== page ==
The informant is a 19 year old Filipino female. She lives with her mother in Toledo, Ohio and has one older sister. She was raised Roman Catholic. She is currently a student at a university in Southern California. The informant is the co-president of the club volleyball team at her university.
The informant first learned this game when she started going to parties in sophomore year of high school. She played it for the first time her senior year of high school. Kings Cup is a drinking game played with a deck of cards. The informant would play it at parties, usually towards the middle or end of the night. In her experience, the rules vary from place to place. The rules she learned in Ohio are generally the same everywhere she has played, but certain specifics change. In the game, each card type in the deck has a certain significance, indicating a certain action to be done by the players. The cards are laid out in a circle. Each player draws a card and reveals it to the group and then performs the action indicated by that card. The card is then placed under the tab of a beer can. Eventually the pressure from the cumulating cards causes the beer can to pop open. The person whose card does this has to drink all of the beer. Additionally, if anyone breaks the circle created by the cards, they have to perform a forfeit, designated at the beginning of the game. This is usually something embarrassing, such as streaking. The specific card designations are as follows.
Ace: Never have I ever. All players put up three fingers. Each player goes around the circle, saying something they have never done. If one of the other players has done that action they have to put down a finger. This continues until only one person has fingers still up.
2: Red to the head: If the two is red the player who drew the card has to drink two drinks. If the card is black, the player can give out two drinks to any other players to drink, either two to one person or one to two people.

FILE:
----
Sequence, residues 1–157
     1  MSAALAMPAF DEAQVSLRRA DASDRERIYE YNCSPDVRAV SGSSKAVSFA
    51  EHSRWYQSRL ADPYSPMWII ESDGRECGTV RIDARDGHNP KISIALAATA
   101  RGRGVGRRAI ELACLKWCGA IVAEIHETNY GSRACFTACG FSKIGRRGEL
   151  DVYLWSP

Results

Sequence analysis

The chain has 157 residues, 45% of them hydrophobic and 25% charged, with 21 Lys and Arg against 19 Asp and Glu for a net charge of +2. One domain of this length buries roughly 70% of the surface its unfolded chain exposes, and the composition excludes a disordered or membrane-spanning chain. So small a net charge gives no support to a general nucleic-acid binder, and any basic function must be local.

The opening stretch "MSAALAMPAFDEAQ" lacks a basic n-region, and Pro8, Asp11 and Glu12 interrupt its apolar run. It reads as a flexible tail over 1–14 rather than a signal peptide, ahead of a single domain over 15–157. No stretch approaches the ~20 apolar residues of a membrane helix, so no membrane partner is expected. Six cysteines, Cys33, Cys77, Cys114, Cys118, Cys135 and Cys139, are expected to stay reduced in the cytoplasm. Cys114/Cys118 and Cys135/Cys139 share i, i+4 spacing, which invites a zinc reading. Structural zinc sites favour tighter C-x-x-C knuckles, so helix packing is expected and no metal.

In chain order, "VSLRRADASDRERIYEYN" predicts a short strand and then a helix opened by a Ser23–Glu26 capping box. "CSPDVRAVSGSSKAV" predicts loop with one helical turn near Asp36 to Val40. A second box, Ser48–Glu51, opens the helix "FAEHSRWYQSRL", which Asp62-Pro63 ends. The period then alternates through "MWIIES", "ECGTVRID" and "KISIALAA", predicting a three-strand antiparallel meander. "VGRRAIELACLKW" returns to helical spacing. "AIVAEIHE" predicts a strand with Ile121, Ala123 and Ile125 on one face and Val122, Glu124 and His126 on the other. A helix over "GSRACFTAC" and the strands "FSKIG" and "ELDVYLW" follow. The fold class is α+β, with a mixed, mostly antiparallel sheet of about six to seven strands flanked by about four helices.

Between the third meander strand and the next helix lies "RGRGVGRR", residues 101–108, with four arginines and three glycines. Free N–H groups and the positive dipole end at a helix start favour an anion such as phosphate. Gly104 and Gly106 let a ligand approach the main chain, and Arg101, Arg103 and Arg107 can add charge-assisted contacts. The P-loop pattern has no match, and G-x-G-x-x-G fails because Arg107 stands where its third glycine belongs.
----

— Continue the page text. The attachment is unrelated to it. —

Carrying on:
3: The rules are the same as two but with three drinks.
4: Whores: All of the girls playing have to take a drink.
5: To the skies: The last person to put both of their hands in the air has to take a drink.
6: Dicks: All of the guys playing have to take a drink.
7: Social: Every person playing has to take a drink.
8: Abc: The players go around in a circle, each naming something that begins with their letter of the alphabet. The player who drew the card starts with A, the next with B, and one around the circle. The first to mess up has to drink.
9: Rhyme: The person who drew the card says a word or phrase. Each subsequent person in the circle has to say a word that rhymes. The first to mess up has to take a drink.
10: Categories: The person who drew the card picks a category and names something within that category. Each person has to name something in that category, going around the circle. The first to mess up has to take a drink.
Jack: Rule: The person who drew the card makes up a rule, which is in effect for the rest of the game. If anyone breaks this rule they have to take a drink. Examples of rules include no swearing or using names.
Queen: Questions: The person who draws the card looks at someone in the circle and asks them a question. This person should then turn to someone else and ask them a question. It goes around, until someone either answers a question or does not ask a question themselves. That person has to take a drink.
King: Waterfall: Everyone starts drinking at the same time. The person who draws the card chooses when to stop drinking. When they do, the person sitting next to them stops, then the person next to that person, and so on around the circle. In order to determine which direction the waterfall goes, the card drawer asks the two people sitting next to them a generic question. The first one to answer gets to be the second person in the waterfall instead of the last.
Analysis: This game is an excellent example the defining characteristics of folklore: repetition and variation. In the informant’s own experience, she has seen variation in the details of game depending on where and with whom she plays it. Almost every person who plays this game has come into contact with different rules. Perhaps the proximity to alcohol increases the possibility for variation. It is also interesting that this game is an imposition of rules upon an ostensibly disorderly and unruly activity. Perhaps it is the inherent unpredictability of drinking that stimulates the development of a set of rules for action, in the form of a game. While some drink to step outside the bounds of society, the fear that alcohol can push people too far may contribute to the popularity of a game that adds structure to the activity.
Annotation: iPhone Application: King’s Cup. By Bobby Cronkhite Software. 2/25/2011.